Increased environmental awareness has promoted the need for improved feedlot runoff control. The use of vegetative treatment systems (VTSs) to control and treat feedlot runoff may enhance environmental security and protect water quality. Knowledge of effluent nutrient concentrations throughout the vegetative treatment system is required to evaluate impact on water quality and system performance. Previously collected VTS monitoring data has provided the opportunity to investigate relationships between effluent quality parameters. The objective of this study was to evaluate, through correlation and regression, the relationships between total solids, nutrients, and effluent quality indicator concentrations of feedlot runoff at various stages of treatment in a VTS, including solid settling basin, vegetative infiltration basin, and vegetative treatment area effluent. Results of a correlation and primary factor analysis showed that most of the parameters’ concentrations were strongly correlated to each other, with a single factor capable of describing more than 60% of the variability of monitored parameters. Regression equations were developed to relate nutrient content and effluent quality indicator concentrations to total solids concentrations. Results were satisfactory for most parameters, indicating that total solids concentrations provided significant insight into VTS performance relative to nutrient concentration and effluent quality indicators. A comparison between predicted, based on total solids content, and monitored mass release of the parameters was conducted. No statistical difference was found for most parameters; indicating that effluent volume release along with total solids concentrations can be used to provide an estimate of nutrient mass in solid settling basin, vegetative infiltration basin, and vegetative treatment area effluent.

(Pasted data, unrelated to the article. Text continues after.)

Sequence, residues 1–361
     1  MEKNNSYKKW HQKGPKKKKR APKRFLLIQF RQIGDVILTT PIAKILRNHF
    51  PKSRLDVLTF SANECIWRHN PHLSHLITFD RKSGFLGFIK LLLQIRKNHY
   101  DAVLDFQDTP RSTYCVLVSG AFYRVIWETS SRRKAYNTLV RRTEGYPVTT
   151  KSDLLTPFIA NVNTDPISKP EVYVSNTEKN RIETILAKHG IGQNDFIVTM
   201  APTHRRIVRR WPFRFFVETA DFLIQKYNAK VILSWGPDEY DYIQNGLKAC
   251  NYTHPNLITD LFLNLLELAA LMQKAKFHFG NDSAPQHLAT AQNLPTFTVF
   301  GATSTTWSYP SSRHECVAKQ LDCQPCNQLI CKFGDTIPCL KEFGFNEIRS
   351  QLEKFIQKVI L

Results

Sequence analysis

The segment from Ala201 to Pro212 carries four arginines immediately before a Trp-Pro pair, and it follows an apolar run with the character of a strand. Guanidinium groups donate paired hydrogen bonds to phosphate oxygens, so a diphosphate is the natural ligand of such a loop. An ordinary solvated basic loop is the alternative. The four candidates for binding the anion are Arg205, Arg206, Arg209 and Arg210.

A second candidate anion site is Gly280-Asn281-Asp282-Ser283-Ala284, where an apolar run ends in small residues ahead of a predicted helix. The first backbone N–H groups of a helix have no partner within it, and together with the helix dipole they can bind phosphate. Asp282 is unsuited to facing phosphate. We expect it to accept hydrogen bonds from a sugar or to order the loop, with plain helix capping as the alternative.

Available at: http://works.bepress.com/daniel_andersen/36/